Maybe you've heard of it. It's the one where a bunch of too-clever-by-half wheeler dealers get caught out for tax dodging, and then start crying and blaming each other.
The proceedings inside Parliament's Committee Rooms are not known for producing outstanding satire, but there are always exceptions.
Earlier today, various BBC presenters including Kirsty Lang and Liz Kershaw were giving evidence on the widespread use of Personal Services Companies (PSCs) within that organisation. These companies have been increasingly scrutinised by both the press and HMRC over recent years because of well-heeled professionals using them as vehicles to minimise their tax exposure. It's a shame that the rest of us aren't permitted to offset the cost of our lunch or our daily commute, but I digress.
However, according to both Lang's and Kershaw's accounts, the situation at the BBC was entirely different. The Digital, Culture, Media & Sport Committee heard tales of the taxpayer funded broadcaster forcing its presenters to set up such companies in order to avoid paying National Insurance on their salaries. It's unclear to what extent the presenters themselves benefited from such arrangements, but I've never heard of a Personal Services Company being formed to increase tax liability. If Christa Ackroyd's tax bill of £419K is anything to go by, then we're talking about a lot more than a couple of lunches and a few train tickets here and there.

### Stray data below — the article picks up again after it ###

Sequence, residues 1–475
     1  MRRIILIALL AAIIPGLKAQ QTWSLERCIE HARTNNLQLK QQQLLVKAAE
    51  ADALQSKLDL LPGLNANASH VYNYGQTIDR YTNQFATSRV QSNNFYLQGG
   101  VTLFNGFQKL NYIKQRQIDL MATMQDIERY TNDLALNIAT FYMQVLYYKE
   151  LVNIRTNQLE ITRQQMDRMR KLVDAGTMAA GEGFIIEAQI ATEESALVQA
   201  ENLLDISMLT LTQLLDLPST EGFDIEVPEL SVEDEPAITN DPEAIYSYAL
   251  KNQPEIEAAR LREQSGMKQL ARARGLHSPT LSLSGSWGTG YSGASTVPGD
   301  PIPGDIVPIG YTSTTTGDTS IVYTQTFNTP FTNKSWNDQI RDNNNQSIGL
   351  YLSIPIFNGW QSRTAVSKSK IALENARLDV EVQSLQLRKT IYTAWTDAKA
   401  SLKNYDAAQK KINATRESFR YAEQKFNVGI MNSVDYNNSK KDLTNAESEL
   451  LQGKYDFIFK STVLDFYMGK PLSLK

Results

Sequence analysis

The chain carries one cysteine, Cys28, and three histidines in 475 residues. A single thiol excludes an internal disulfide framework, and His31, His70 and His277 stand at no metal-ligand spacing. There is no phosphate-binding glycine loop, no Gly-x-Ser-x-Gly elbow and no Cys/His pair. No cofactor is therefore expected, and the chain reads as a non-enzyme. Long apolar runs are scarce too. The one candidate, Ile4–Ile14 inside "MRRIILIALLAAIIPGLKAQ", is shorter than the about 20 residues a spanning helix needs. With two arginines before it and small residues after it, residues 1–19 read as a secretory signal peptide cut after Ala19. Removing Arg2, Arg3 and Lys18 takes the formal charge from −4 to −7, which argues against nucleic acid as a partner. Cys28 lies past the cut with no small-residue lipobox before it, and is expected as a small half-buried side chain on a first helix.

The BBC stands accused of using these service companies as a way of bypassing normal workers' rights such as sick leave, with one presenter stating, on the record, how she felt forced to work through almost an entire course of chemotherapy. These poor, downtrodden public servants paint a picture of a tyrannical corporation that has driven some of its familiar faces to the brink of suicide.
The highlight of today's show was when the BBC's Paul Lewis said "this isn't a story of well-paid presenters trading through companies to avoid tax." Although I'm pretty sure he knows what kind of PAYE take-home is needed to run up a £400K tax bill. It's funny how the BBC's money guy suddenly got all shy about hard numbers on the presenters' side, yet he was pretty outspoken about the £10 million tax the BBC has allegedly sidestepped.
So, if I'm following the plot correctly, the taxpayer funded BBC forced these presenters to set up Personal Service Companies, and as a result both parties paid a lot less tax, but that was only the intention of mendacious BBC executives. Any favourable tax conditions enjoyed by the presenters were entirely incidental and forced upon them against their will. Poor souls.
No doubt that Christa Ackroyd would much rather have paid the lion's share of half a million pounds to HMRC in exchange for the security of sick leave, and it's just a shame that the BBC declined to tell its side of the story to the committee today.
Now that really would've been a punchline!
Image courtesy of Ambro at FreeDigitalPhotos.net